Monday, February 4, 2013

Illustrating Beadwork

My days have been pretty mellow, a big stretch of days spent at home, some with company, some with Miss Maya and Mark.  I've been knitting for the little one, a favorite activity, and knocking off designs for The Bead Within, one after the other.

And I am in love with each of them.  I seem to be on a design roll, with each new one coming easily and being executed well.

For Beads in Motion I released directions for the 12 year old Rings of Saturn.   I updated the graphics, but little else about it changed.  Though it has been available as a kit for some time, I couldn't resist including it in the book as it was the impetus for the theme of the book, movement in beadwork.  It was also the first piece I designed that was noticed by the bead stores and resulted in me starting to teach nationally.



For the Bead Within, I will be including My Secret Garden, a piece I first designed and taught around 2001.  It is so much fun bringing new colors and better skills to an older piece like this.  The new Secret Garden will be black and silver with touches of fuchsia and lime green.  It is odd to look backwards at my very mediocre illustration skills at the time.  Documenting beadwork patterns has come a long way and the bar has been raised pretty high by a number of artists that do it really really well.  



I continue my learning curve with Adobe Illustrator and try to bring you the best possible illustration.  Is that something you value when you receive directions for a piece?  Or is it if the the piece really speaks to you, you can overlook some skill in that area?  Do you have ideas on what makes a well documented pattern?  I'd love to hear them.

9 comments:

Just Beady Jules said...

Marcia,

I use illustrations rather than directions. You can compare it to looking at a knitted piece to find out what stitch they used and then figuring it out the rest from there. Yes, I am one of those who puts it together first and if something fails, read the directions. While my BFF Cathey Rimmer is a great follower of instructions. But please don't give up your illustrations, they are wonderful. Adobe can be mastered. Like beading, it just takes practice. Can't wait for the book release. <3

beadyknitter said...

I bead mostly by illustrations--easier for me to follow illustrations or photos of the actual steps--like either equally--(photos must be clear though). This is especially helpful when I buy patterns or books written in a foreign language--if they have good illustrations/or photos then I'm OK. Sure, they may have English translations but we all know what a mess some of the translators can make of a pattern!! And, even if English is their second language and they are writing instructions in both English and their language the English translation some how are just a bit 'off'.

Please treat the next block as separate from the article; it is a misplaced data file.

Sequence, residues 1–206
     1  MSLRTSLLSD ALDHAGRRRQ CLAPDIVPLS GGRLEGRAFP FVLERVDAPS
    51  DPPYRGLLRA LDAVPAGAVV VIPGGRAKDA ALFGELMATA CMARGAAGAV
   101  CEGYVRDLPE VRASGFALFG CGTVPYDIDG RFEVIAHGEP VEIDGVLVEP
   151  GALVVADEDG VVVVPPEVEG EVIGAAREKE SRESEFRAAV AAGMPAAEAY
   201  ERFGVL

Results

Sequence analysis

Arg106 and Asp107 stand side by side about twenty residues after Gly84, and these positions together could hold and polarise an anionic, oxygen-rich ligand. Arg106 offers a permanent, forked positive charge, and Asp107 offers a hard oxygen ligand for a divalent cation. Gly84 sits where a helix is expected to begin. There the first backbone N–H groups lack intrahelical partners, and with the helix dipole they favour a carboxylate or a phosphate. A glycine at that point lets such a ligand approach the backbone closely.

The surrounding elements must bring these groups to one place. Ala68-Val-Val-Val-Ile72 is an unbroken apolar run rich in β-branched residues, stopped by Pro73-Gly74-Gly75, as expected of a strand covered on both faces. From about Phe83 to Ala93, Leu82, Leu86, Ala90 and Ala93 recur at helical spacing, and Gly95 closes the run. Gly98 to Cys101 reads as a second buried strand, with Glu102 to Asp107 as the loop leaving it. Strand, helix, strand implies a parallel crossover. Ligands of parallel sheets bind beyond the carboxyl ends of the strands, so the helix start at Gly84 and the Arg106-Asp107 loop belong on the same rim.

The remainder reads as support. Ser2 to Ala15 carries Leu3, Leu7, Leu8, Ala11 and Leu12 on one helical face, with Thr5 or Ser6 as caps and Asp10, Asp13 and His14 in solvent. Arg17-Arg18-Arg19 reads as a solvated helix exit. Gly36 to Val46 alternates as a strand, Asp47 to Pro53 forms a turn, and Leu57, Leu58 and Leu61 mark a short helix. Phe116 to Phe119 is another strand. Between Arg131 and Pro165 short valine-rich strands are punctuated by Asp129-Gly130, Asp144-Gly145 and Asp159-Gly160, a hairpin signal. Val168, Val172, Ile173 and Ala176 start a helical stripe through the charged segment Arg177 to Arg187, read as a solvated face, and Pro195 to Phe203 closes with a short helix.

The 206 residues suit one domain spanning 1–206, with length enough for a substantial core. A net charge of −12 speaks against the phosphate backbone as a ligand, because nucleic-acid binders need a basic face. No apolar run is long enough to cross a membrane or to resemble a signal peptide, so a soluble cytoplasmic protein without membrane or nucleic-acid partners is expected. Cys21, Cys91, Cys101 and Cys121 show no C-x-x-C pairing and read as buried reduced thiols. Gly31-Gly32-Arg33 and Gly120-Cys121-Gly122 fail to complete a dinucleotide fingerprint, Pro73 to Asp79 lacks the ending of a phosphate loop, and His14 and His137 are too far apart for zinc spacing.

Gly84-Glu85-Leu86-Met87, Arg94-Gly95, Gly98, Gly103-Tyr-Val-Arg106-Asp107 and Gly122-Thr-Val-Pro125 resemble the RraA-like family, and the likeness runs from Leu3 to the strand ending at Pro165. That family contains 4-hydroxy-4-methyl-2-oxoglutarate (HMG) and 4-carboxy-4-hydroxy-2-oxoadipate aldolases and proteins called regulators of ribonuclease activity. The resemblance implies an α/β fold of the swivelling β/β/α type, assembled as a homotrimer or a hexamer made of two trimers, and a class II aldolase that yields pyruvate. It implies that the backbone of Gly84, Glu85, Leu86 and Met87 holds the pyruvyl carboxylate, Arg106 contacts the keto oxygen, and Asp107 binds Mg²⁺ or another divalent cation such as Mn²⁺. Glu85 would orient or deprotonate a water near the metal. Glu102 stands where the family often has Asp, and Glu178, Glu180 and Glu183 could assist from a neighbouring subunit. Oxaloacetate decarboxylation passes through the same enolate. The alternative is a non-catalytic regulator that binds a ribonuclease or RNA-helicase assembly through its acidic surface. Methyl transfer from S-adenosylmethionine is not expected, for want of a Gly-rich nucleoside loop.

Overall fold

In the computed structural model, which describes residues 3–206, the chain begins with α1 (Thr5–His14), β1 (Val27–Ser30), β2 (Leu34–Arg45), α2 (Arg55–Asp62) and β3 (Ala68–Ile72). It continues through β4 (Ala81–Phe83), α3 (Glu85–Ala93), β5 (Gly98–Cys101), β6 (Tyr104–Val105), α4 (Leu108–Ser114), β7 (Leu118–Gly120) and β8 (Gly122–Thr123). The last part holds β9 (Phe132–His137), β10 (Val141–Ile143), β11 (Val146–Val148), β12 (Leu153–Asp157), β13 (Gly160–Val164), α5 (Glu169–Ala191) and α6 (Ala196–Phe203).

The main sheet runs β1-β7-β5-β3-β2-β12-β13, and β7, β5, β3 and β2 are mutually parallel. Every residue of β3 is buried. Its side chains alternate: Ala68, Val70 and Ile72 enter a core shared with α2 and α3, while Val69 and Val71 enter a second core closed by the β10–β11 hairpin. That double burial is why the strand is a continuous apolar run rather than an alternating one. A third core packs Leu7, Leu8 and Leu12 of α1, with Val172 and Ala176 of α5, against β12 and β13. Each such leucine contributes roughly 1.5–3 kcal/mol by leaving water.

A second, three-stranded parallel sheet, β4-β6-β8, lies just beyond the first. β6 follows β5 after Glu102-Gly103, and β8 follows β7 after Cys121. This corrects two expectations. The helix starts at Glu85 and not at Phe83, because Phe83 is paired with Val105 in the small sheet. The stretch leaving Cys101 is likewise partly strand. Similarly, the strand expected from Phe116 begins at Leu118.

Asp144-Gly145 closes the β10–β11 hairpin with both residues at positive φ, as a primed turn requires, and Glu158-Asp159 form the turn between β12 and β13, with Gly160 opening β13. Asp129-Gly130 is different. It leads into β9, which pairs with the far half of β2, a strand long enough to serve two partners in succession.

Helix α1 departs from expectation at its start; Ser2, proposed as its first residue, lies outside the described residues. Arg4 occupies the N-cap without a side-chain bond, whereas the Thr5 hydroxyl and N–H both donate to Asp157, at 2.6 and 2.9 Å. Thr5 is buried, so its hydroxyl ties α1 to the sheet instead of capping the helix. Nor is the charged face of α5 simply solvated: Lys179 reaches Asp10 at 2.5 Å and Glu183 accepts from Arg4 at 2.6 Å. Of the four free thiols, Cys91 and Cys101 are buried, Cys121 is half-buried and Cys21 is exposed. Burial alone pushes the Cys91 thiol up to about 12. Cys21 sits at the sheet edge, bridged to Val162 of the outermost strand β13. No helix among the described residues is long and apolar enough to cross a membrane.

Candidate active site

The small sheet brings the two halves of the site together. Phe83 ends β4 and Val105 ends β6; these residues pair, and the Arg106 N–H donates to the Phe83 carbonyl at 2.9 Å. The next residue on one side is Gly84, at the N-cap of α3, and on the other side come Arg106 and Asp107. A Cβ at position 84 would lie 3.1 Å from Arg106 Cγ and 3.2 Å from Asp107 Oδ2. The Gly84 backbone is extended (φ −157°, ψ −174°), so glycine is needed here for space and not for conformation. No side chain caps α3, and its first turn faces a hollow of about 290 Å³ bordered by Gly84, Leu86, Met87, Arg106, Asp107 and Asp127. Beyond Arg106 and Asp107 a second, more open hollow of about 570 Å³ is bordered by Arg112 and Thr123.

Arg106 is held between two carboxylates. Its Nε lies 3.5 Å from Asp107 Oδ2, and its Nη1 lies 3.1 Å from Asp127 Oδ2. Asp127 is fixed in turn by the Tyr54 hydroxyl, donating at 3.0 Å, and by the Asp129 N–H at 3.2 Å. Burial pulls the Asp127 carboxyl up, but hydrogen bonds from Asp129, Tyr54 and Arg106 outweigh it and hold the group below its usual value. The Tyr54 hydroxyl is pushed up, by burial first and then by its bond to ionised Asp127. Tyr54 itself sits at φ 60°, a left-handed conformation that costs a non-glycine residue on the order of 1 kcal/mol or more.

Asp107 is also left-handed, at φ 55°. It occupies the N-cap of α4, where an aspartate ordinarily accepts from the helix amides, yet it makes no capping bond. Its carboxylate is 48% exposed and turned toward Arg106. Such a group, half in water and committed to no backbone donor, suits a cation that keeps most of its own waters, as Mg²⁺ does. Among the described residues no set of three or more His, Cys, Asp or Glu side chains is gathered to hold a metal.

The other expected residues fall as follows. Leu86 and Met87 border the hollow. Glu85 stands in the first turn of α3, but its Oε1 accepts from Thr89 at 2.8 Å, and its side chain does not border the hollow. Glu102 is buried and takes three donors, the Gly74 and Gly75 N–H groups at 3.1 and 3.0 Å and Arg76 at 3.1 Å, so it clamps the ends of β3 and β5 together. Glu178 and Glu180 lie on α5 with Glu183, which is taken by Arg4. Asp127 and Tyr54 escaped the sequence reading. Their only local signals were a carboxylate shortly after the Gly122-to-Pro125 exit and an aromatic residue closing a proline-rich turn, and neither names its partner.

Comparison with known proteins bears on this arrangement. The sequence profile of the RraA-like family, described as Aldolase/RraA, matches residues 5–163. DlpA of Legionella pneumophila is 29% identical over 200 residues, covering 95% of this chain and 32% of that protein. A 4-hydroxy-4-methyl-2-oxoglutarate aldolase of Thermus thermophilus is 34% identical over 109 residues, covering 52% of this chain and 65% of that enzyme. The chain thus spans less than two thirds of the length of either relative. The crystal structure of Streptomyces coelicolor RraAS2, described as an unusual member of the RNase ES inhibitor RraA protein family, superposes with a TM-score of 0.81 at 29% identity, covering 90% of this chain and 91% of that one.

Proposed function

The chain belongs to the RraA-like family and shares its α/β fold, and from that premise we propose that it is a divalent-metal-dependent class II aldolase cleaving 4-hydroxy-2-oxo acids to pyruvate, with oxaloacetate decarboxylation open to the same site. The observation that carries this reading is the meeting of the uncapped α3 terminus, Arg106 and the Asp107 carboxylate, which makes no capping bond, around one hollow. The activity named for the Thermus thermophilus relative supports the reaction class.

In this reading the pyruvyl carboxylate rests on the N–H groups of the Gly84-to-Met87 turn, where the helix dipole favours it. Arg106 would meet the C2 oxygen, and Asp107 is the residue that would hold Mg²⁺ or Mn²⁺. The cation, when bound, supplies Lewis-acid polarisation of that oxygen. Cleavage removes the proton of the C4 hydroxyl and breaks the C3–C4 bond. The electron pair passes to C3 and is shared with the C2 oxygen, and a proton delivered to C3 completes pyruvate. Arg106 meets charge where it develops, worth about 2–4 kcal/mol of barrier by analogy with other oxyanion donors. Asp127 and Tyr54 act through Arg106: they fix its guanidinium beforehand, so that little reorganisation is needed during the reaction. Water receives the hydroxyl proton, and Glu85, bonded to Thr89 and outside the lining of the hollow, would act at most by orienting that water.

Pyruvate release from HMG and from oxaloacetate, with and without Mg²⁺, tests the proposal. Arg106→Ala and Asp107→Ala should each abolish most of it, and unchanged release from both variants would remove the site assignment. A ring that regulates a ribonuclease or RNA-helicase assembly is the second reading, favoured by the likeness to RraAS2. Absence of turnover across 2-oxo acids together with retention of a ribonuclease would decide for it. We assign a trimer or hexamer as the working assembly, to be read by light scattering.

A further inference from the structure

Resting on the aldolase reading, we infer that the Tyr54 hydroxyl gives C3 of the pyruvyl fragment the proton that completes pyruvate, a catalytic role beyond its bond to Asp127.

Sally Anderson said...

I think the illustrations are really important. If I look at a book and see something I'd like to do but find the illustrations mind-boggling or confusion or even really fussy, I won't buy the book! Clear, crisp, concise illustrations are my friends!

Barbara Briggs said...

Marica, I really need visuals, but written directions have always been important to me as well. l don't have Adobe Illustrator and fear that if I purchased it, I'd load it onto my computer and it would just sit in my hard drive collecting dust because I get too frustrated with that kind of learning curve. When I create designs, I rely on my Nikon and take step-by-step process photos that accompany my written patterns. I think sometimes it's visually easier to relate to a photo that shows the piece in progress. Of course, having really good clear, close-up photos is of paramount importance.

Jennifer Starchvill said...

I am a novice beader. The written instructions are necessary for me to help wrap my head around what I'm looking at... However, I really find both the use of photography and illustrations extremely helpful. There's something about seeing the actual beads in action that I find most helpful.

Jennifer Starchvill said...

One more thing... Adobe Illustrator is an invaluable program to use for any designer. I suggest taking a class, maybe at a local community college or searching out some online tutorials. Either should give you the hints you need to make your illustrating easier. Creating custom brushes and fill patterns to simulate RAW & peyote stitches, as well as fringes, etc. is easy once you learn the tricks.

AliMc said...

Pics of some type are very important to me, either photos or illustrations. They needn't be works of art though just clear.

LoriF said...

I am not a particularly novice beader...but I agree with Jennifer that the written and illustrated instructions build on one another. I have followed patterns that are completely wrong...but are rescued by the illustrations; and illustrations that confuse me but are clarified by the instructions. Both should complement the other.

Kim said...

I need the illustrations. I do agree with others that said the written instructions and the illustrations build on each other but I depend on the thread path in the illustration. If I can't follow it I have a really hard time. And like others have said, it doesn't need to be a work of art, as long as it's clear.